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Health Care in the United States...Best in the World?


Medical professional
Medcial Professional Photo by Yerson Retanal from Pixabay

One time I had the misfortune (due to poor judgement) of eating raw oysters while working in Thailand. Thinking I was going to die, I called a taxi and asked to go to the nearest hospital emergency room. This was not Bangkok mind you, but a less populated part of the country. I was expecting the typical emergency room nightmare, with the twist of a "less developed" country's version of that experience, which could only be worse. Instead, as I entered the hospital I was immediately attended to and saw a physician (medical doctor) soon after. The problem was diagnosed, I was given a medical treatment plan and medication. I was out in a couple of hours. I cringed as I went to the payment desk as I had not called my insurance company yet. The bill was thirteen US dollars. In the course of working overseas I have had medical treatment in Singapore, Philippines, Japan and Italy. All superb. I imagine if you asked most Americans how they think the US health systems ranks in the world, they would probably say the best or near the top.


What are we getting for our money?


Medical lab Technician
Lab Technician Photo by analogicus from Pixabay

I am not going to get in to what Americans have to pay for medical insurance premiums, prescriptions, deductibles etc., as that will be covered in another piece. It is a lot. So what are we getting for our money? What does the average American expect from their health care provider? We tend to aim low and say things like ease of getting an appointment or not having to wait long to see a specialist. Well..yes...that's like saying when I dial a number on my phone it goes through. But how do Americans judge how effective their expensive medical plans are in improving their quality of life.? That is the question that should be asked before we start arguing over table scraps like appointment scheduling and access to specialists.


Medical Measures of Effectiveness (MOE)


Elderly couple with wheelchair
Elderly Couple Photo by Zoen Stupur from Pixabay

Here is what I expect from high quality (and costly) health care, which this country supposedly has: A long (and quality) life expectancy, safe and successful child birth for mothers and healthy infant births. It basically covers our personal health as well as ensuring our loved one's get a successful start in life. I am sure their are other MOE that could be used also.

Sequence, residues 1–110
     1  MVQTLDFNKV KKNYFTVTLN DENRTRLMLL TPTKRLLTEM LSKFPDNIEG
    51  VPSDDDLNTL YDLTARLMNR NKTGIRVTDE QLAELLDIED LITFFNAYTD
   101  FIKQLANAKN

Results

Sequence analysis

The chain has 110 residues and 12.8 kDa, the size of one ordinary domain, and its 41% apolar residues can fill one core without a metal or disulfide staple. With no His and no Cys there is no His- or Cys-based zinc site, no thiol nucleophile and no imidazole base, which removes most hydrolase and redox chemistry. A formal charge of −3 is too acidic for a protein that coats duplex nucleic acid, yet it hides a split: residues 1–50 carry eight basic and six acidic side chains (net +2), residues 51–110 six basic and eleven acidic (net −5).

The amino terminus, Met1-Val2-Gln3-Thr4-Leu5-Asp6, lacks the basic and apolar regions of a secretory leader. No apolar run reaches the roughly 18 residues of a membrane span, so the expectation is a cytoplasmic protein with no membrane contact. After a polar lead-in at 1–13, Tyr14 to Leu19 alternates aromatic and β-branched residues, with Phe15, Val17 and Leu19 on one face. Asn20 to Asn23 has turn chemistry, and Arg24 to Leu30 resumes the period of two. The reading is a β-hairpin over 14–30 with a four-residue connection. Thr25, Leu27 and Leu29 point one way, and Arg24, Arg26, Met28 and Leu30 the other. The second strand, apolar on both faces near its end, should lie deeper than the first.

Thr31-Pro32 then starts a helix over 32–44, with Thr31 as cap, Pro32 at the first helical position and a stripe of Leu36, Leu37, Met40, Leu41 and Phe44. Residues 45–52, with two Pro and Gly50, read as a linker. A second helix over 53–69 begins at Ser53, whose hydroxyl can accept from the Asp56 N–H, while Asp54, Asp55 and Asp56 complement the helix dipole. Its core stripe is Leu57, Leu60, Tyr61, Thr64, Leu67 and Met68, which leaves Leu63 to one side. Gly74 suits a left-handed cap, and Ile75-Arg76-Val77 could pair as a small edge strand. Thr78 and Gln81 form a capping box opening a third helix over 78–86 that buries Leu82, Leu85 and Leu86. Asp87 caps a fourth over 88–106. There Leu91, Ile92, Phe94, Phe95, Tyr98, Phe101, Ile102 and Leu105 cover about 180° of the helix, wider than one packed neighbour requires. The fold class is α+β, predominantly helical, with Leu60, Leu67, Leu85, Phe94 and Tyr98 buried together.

So how are we doing?


Pills and leaf
Modern Medicine Photo by Michael Jarmoluk from Pixabay

With all these fantastic medical schools, high tech equipment and costly coverage plans, one would expect the US to rank fairly high in these categories.. With respect to life expectancy, the US ranks ranks 47th out of 193 countries listed with an average age of 78.87. (http://worldpopulationreview.com/countries/life-expectancy-by-country/) . Just ahead of Cuba and behind Lebanon. With respect to mother's dying during childbirth, the US is 47th out of 181 countries listed. Better than Bahrain but worse than Kazakhstan (https://www.indexmundi.com/g/r.aspx?v=2223). And finally, for infant mortality, the US ranks 50th out of 190 countries listed. Just ahead of Serbia and behind Bosnia and Herzegovina. (http://worldpopulationreview.com/countries/infant-mortality-rate-by-country/). Also, every developed country is ahead of the US in all three categories, as well as many countries Americans would consider less developed.


Just a thought


Old Pharmacy bottles
Pharmacy Photo by Michael Jarmoluk from Pixabay

So before we start arguing over who will pay for what and what we need to change and how we will do it, we need to take a step back and ask ourselves what we expect from health care in America. I don't know about you, but I would have expected the US to be better in the categories I mentioned. For one, the medical community needs to stop acting like 18th century healers and start applying technology towards prevention rather that just treating the symptom. Pharmaceuticals have simply replaced roots and herbs. There is no reason that every 18 year old could not be given a DNA profile that would provide them a data point on potential genetic medical issues that may require a lifestyle change to address problems early. Is the technology in this area perfect? Will it cover everything? No. But at least it is another data point a young person could use to formulate a wellness plan. The next time you see your health care provider, ask them for a nutrition and exercise plan. Just be prepared for the confused look..followed by a ..."what...where does it does it hurt"?

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